To get comparable results from very different web technologies, we first fix the use case. We do not reinvent the wheel, but use the Hotel Booking Example well-known to java folks.
It is simple to implement but incorporates a landing page, hotel search, user registration, a hotel detail page and the actual booking as a transactional database write operation. Thus it is "simple, but not too simple".
The Test Script
We of course want an objective, quantifiable result. Therefore we run a script against your solution, requesting pages and benchmarking as well as checking the result. We nevertheless were faced with the requirement to write one single script being able to robustly interact with web apps of different technology. There are, as you know well, subtle details of state and session management that vary from tech to tech. Classical load testing tools like e.g. JMeter thus have to be tuned to the app under test.
Our tagbrowser is a very simple layer on top of Apaches http components and the JSoup HTML parser. At the expense of parsing the pages your solution delivers, it provides a way to interact with the app as the user does: By clicking on links or submit buttons with ever handling concrete HTTP details like URLs or cookies.
Therefore we provide one tagbrowser-Script that is capable of interacting with solutions of each technology. You can download this script in advance to test whether your app conformes to the test requirements.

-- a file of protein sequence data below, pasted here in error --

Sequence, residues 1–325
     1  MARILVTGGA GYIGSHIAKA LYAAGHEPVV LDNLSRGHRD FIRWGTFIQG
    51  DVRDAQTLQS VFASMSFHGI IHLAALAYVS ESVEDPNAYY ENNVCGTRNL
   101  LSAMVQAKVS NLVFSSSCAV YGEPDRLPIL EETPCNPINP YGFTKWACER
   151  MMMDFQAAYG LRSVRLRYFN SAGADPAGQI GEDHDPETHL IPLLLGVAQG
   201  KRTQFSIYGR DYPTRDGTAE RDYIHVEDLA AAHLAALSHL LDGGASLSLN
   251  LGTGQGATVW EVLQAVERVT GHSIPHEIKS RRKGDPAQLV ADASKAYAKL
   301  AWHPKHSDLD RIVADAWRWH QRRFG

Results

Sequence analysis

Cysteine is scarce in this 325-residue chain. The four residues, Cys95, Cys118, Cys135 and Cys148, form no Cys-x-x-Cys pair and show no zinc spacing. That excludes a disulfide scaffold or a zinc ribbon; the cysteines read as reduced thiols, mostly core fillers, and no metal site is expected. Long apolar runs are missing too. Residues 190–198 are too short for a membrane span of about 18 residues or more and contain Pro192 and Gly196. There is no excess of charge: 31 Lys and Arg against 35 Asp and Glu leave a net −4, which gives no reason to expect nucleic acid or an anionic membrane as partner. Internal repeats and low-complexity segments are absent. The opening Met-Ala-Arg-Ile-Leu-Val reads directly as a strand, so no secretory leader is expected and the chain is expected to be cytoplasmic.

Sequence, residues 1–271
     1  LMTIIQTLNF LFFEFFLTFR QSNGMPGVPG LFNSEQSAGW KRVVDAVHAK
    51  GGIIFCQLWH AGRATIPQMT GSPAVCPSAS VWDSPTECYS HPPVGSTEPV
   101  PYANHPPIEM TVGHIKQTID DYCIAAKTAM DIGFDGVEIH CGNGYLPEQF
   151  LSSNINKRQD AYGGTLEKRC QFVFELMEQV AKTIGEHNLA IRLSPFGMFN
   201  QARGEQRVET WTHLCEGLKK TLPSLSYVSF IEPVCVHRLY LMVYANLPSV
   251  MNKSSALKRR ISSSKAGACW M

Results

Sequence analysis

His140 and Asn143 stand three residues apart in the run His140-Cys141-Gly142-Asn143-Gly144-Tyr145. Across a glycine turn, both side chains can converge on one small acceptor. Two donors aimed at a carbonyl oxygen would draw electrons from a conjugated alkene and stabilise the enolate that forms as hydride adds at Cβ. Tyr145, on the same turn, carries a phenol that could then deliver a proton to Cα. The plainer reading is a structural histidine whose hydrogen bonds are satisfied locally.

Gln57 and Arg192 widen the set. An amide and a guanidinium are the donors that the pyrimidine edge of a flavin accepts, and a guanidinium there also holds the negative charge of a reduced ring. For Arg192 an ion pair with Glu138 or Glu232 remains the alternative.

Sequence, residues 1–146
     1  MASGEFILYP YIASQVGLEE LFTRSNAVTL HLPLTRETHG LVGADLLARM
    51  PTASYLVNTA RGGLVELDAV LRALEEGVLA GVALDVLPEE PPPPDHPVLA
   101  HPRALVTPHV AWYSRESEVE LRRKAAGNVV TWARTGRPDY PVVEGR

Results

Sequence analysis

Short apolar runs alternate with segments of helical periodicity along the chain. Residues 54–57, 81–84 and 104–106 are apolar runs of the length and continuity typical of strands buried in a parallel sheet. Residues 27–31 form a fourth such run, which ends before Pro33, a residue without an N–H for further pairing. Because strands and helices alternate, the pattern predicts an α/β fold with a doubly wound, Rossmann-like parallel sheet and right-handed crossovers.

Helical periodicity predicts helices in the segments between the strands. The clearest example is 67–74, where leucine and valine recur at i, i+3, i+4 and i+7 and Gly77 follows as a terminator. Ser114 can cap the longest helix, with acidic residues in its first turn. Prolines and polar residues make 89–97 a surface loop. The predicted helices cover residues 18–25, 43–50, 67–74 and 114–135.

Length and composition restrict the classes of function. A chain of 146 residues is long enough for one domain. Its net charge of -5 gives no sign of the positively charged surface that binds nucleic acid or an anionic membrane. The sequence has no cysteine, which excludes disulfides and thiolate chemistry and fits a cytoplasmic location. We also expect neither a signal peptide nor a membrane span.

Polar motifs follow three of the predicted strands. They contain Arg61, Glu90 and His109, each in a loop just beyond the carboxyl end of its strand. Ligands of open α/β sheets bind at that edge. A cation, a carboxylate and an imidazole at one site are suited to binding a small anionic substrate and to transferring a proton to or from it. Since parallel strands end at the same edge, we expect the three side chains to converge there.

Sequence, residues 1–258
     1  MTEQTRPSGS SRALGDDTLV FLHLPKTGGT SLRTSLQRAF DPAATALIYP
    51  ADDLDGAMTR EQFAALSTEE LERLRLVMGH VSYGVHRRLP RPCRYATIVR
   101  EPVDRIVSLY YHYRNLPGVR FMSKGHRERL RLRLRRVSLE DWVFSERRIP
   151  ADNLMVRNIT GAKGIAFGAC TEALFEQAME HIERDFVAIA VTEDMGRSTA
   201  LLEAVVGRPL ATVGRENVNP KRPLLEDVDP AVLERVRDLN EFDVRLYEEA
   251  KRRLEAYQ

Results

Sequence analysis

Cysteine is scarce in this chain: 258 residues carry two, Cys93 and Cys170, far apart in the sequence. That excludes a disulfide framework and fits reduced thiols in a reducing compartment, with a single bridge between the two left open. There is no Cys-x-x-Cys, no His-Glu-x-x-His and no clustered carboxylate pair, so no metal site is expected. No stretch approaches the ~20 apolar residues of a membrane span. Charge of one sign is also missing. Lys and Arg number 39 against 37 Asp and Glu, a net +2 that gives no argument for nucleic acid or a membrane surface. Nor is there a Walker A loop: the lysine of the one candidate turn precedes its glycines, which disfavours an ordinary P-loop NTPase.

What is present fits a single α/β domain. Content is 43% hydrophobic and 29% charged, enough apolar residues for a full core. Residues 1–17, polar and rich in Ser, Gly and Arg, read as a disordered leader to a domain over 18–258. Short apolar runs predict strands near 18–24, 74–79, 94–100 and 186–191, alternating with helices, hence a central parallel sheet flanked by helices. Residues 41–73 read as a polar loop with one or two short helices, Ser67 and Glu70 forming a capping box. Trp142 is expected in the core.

Our Test Setup
After you submit your solution, we do install it on an EC2 instance. This instance is preconfigured with an PHP-enabled Apache, a tomcat, a mysql instance and the test script. Being of course unusual and not production-like, this setup eliminates network effects. We then run the script, check the database final state and get the benchmark results.
Result interpretation and ranking
The test script executes a sequence of tests on the freshly installed application. Each test is done with an increased number of parallel clients. At the beginning of each test, one client is doing a full scan of the application. After that, the number of parallel clients are performing one scan each, without ramp-up time. A scan is performing a number of walkthroughs in sequence, each walkthrough being a sequential number of requests to the application, parsing the response and constructing the next request.
During each test, for each page and for all pages together, the following numbers are measured:
- the average of the response times
- the standard deviation of the response times
- the average time used to parse the responses
At this point, a series of average response times versus client counts is on hand. One usually calculates the throughput (the number of pages that can be delivered in one second) as the number of clients divided by the average response time. The thoughput usually has a sharp peak at relatively low lient numbers. This peak denotes the number of clients that can be served without waiting for resources. We take this maximum throughput, maxTP, as the primary indiator for performance ranking.
Another interesting behaviour of the application is how it does scale in terms of response times when additional clients are requesting pages beyond the maximum throughput barrier. We simply calculate the number of microseconds an additional client causes in average to get some feeling about client scaling. This of course has nothing to do with scaling with the number of CPU nodes.
We hope this site to be continuously updated with better solutions and newer technologies.
If we receive lots of solutions, we consider automating the checkout, install and test procedure.blog comments powered by Disqus